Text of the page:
In our last column, we focused on important modifications to itemized estimating, including the two most popular techniques: assembly estimating and unit pricing. This month we will move into the next step in the process — bidding.
Bid pricing (material prices that an electrical contractor uses in the calculation of a bid price or quote) is a predicament to electrical contractors. Using safe material prices and then buying the material cheaper than they bid is one of the few ways contractors can make a profit. This is one of the little games that many contractors play to hide money in their jobs. If contractors stopped playing this game, they probably would stop profiting. It would be better to price materials exactly where you think the prices will be when you buy them, and add a little extra profit to the bid tabulations, but it is far easier for most to “hide” the extra money in the material figures.
So, remember, if you use the lowest material prices in your bid tabulations, you have no slack, which can really hurt if anything goes wrong.
For contract-bid work, bonding can be critical. In return for a fee (usually around 1.2% of the contract price), a bonding company will guarantee the project's completion to the owner or general contractor for the specified amount. Many projects require this for obvious reasons. Bonding companies are careful. They like to see financial stability and expertise before they will bond an electrical contractor. In addition, they set a limit as to how much bonding they will give to that contractor for the year; once the contractor has reached that limit, the bonding company will bond no more new jobs. That's why it behooves the electrical contractor to make every effort to impress the bonding company's agent.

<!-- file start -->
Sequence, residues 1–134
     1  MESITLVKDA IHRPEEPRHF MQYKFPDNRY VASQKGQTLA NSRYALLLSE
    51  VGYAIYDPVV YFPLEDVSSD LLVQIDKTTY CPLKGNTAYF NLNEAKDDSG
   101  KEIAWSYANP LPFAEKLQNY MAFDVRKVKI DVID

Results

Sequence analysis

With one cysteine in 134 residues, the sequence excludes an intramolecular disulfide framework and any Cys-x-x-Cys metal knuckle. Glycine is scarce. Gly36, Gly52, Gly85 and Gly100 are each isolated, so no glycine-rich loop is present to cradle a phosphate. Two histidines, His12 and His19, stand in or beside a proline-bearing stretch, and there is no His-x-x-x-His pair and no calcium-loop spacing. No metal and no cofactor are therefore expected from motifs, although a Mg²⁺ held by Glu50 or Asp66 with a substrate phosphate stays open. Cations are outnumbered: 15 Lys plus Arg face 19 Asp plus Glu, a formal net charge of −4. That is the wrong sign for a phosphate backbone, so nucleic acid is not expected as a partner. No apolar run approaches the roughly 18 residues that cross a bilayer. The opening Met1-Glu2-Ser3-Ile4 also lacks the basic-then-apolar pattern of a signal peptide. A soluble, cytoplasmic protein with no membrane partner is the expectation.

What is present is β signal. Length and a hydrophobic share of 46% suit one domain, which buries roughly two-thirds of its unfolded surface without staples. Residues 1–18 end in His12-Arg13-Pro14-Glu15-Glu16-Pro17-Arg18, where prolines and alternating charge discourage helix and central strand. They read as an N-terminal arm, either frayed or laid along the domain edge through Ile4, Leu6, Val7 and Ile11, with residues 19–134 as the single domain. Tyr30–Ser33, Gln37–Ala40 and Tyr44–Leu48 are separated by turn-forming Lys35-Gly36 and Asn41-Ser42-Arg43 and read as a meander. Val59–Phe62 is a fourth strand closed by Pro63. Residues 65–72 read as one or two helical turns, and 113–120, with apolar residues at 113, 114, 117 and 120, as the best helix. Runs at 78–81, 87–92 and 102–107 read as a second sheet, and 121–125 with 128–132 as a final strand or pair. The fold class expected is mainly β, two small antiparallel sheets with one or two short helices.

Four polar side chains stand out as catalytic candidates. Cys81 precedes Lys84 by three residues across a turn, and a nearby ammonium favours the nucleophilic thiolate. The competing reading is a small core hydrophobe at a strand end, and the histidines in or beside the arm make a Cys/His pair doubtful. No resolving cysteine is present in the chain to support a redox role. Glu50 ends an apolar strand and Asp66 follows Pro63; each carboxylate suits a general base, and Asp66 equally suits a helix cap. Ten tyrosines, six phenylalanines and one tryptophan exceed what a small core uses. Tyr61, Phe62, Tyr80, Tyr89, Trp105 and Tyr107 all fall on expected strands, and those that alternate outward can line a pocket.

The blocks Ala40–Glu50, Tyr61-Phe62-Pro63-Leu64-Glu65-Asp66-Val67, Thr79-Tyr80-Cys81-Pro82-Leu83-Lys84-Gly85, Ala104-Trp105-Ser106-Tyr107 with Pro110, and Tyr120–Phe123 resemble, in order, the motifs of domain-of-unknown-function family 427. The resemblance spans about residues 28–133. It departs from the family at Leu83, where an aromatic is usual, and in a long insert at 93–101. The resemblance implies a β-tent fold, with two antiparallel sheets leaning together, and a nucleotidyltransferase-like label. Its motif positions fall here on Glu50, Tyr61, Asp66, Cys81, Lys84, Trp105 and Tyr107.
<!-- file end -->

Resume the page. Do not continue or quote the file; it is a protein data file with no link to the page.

The content of a construction contract is absolutely critical to your company's success. A construction contract spells out exactly how the job will be run, and how much your company will be paid.
The most common type of contract in use is the American Institute of Architects (AIA) contract. While not perfect, the AIA is considered a fair compromise for all involved.
Some contractor associations have their own contracts, which are pretty good. But these are contract forms; any notes made to these contracts can make them very dangerous. Take care as to what types of contracts your company signs. If the wording is unclear, take the contract to your company's attorney to see what he or she thinks of the contract and what changes should be made.
Don't ever be afraid to make any reasonable changes to contracts. If your requests are reasonable, the other party should not have any problem. If they will not agree to reasonable changes, you have good reason to believe that they will not be reasonable during the course of the project either. The stakes are too high: You are better off to lose a project than to lose your company. Remember, too, that the other party will look bad if they can't agree with you on the contract. They will have to go back to the other electrical contractors, who know that your company was the successful bidder and will who will wonder why your company turned down the job.
Be careful of contracts that are drawn up by the individual general contractor. Very often these contracts are strongly tilted in the general contractor's direction.
Reprinted with permission from NFPA Successful Electrical Contracting. Copyright 2001 National Fire Protection Association, Quincy, Mass. This reprinted material is not the referenced subject, which is represented only by the standard in its entirety. To purchase a copy of NFPA's Successful Electrical Contracting go to NFPA's online catalog at www.nfpa.org.